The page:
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Rewatching ‘Game of Thrones,’ Season 6: Cry Me a Riverrun

Category: Art & Culture,Arts

But the women seizing power are rewriting the rules. Ellaria Sand and the Sand Snakes violently overthrow Dorne and take control, even though Ellaria wasn’t next in line. And there is — or was — no legal basis for the Queen Mother to take the throne following the death of the king’s last supposed heir. Then again, Cersei had already thumbed her nose at the line of succession by placing her kids born of twincest on the Iron Throne, where she could rule through them (or try to). And she’s willing to blow up anyone who challenges her. She kills not only the Faith Militant, the Tyrells and members of the Small Council, but hundreds of nobles present to attend the trial. Qyburn, in effect, becomes the second most powerful member of the court, replacing the Hand, the Small Council and the High Septon. Who’s left to ask the Citadel to check the royal family trees? Luckily, Bran’s got much of the archive in his head.

Near Death Experiences

The Many-Faced God does not like having lives stolen from him, but a lot of characters defy death anyway. The Three-Eyed Raven claims to have lived for a thousand years. Melisandre, it’s revealed, has also lived for a lot longer than previously thought, possibly for hundreds of years. Both Beric Dondarrion and Jon Snow have been resurrected from the dead — Beric a few more times than Jon, but both by followers of the Lord of Light. In a sense, Euron Greyjoy also died and was brought back to life at the hands of a priest, this time serving the Drowned God (his drowning at the Kingsmoot is both a baptism and a coronation). Benjen lives in an in-between state — mostly dead, but still less dead than the reanimated Mountain, who himself is less dead than the White Walkers’ wights.

Death is clearly not the last word in this world, which might be why Davos risks his life to request Jon’s resurrection in the first place. Although once it’s known that it can be done, why is it not done for others?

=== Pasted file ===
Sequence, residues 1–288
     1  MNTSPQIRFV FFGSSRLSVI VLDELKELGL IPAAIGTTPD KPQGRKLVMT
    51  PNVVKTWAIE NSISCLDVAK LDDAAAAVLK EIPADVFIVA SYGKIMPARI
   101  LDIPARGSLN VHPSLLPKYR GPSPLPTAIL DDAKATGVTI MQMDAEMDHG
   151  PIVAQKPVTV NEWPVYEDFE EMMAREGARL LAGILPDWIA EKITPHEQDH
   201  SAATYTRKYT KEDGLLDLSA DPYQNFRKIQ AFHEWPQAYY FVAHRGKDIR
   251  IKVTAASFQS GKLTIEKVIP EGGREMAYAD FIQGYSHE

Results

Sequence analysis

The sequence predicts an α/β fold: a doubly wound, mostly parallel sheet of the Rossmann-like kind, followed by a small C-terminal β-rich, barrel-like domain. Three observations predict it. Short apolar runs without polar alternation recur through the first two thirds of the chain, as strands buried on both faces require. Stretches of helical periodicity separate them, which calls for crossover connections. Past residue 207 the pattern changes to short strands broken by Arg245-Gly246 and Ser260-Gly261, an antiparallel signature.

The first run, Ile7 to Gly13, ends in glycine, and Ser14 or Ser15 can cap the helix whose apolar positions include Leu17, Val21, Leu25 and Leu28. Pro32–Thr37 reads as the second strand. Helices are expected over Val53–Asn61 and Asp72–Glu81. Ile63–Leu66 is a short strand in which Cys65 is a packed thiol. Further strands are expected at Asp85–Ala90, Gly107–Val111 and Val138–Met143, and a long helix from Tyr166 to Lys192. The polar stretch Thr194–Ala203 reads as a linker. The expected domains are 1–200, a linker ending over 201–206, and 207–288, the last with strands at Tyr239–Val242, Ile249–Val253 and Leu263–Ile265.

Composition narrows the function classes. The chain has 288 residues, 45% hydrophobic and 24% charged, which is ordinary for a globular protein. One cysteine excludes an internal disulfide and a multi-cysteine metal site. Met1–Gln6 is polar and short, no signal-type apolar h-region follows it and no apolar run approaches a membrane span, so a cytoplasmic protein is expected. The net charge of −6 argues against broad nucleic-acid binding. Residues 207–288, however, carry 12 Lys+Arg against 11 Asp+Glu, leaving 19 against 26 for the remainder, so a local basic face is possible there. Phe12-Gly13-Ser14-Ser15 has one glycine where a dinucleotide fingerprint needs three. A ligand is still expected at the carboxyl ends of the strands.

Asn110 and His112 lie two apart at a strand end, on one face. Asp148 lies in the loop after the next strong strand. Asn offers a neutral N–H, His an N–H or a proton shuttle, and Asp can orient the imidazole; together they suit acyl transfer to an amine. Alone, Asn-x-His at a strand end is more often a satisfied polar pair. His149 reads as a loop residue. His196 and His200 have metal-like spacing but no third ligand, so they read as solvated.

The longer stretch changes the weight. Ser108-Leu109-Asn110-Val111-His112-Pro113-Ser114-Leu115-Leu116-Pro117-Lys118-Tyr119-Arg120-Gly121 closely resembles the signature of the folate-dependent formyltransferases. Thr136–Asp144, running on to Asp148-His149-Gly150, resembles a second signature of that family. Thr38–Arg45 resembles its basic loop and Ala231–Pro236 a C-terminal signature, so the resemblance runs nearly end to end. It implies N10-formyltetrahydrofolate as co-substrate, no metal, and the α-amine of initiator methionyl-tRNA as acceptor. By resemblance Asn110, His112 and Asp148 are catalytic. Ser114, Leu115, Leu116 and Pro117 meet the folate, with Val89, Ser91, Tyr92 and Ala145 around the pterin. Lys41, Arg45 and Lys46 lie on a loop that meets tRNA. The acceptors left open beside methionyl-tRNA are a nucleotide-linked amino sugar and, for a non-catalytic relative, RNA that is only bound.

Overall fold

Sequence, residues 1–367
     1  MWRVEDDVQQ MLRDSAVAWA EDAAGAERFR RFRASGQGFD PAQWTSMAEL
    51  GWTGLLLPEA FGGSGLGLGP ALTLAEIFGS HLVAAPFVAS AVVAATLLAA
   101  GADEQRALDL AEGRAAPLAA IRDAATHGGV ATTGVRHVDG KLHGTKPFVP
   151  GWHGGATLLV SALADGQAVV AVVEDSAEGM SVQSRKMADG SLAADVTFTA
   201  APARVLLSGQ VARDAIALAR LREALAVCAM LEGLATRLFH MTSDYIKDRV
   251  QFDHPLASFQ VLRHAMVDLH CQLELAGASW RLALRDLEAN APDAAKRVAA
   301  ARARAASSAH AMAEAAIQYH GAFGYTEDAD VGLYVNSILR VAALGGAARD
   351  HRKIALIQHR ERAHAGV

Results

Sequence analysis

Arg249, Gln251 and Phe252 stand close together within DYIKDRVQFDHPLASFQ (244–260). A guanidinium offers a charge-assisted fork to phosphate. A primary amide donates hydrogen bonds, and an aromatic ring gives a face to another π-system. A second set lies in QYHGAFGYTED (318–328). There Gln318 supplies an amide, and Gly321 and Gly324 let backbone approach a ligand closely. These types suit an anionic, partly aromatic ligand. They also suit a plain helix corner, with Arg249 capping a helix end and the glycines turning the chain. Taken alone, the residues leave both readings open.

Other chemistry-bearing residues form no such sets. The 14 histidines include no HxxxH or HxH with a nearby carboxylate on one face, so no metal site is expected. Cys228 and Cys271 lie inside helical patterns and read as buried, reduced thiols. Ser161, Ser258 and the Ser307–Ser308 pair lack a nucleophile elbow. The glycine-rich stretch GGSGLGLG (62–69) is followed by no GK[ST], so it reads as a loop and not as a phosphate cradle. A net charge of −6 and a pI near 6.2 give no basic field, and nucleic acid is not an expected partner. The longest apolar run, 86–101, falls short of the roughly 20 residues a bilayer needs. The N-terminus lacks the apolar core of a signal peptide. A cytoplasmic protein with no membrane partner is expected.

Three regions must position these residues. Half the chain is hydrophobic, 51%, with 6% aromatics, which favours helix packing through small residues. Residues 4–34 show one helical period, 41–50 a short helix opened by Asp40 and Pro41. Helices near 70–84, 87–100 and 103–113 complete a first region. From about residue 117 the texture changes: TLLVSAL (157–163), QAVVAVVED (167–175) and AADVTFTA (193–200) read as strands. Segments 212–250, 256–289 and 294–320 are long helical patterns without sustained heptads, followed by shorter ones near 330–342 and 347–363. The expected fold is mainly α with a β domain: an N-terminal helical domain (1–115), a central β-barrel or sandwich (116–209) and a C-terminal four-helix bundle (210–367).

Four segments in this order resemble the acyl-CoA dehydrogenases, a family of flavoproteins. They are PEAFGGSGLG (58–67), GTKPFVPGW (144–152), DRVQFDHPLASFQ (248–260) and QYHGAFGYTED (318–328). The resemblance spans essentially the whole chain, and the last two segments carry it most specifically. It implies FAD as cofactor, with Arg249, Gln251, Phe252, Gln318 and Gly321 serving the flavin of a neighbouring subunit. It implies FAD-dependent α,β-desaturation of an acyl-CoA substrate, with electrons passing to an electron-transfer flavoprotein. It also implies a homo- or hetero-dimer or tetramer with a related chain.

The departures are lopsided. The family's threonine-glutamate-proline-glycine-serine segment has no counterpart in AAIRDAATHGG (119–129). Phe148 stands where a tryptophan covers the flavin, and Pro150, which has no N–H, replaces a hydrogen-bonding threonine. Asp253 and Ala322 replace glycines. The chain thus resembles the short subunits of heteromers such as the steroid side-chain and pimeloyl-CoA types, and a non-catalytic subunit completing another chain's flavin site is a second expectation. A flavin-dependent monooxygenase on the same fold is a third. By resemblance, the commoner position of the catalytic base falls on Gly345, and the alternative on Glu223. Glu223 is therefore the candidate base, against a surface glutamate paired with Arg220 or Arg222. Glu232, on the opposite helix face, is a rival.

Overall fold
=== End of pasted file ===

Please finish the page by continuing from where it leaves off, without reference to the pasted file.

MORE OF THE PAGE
Certainly, that would have cut down on the many funerals always taking place. Cersei’s world seems to be defined by funerals. We first met her as Jon Arryn’s body was lying in state in the Sept of Baelor in Season 1, and she’s had a steady toll of dead piling up around her ever since. Almost every season features a funeral at the Sept of Baelor — no wonder she wants to blow the place to smithereens. How much grief can one person bear? And her hatred for Tyrion stems from that grief, as she believes him to be responsible for the deaths of her mother and her son.

Others grieve in different ways, of course. Trystane Martell prefers to paint little eyes on stones for Myrcella’s service, while Ramsay takes a moment to remember Myranda before feeding her to his precious dogs (a rite that will be repeated for him). And the Dothraki always expect their widows to grieve forever, locked away in the Temple of the Dosh Khaleen, until Dany ends that practice. It’s because Dany can defy death that the Dothraki kneel down to her, as if she were a goddess. Jon’s people, at least, have no such illusions about their leader.

‘There’s no need for a battle.’

Sometimes it’s possible to avoid death in settling a conflict; sometimes, it’s not.

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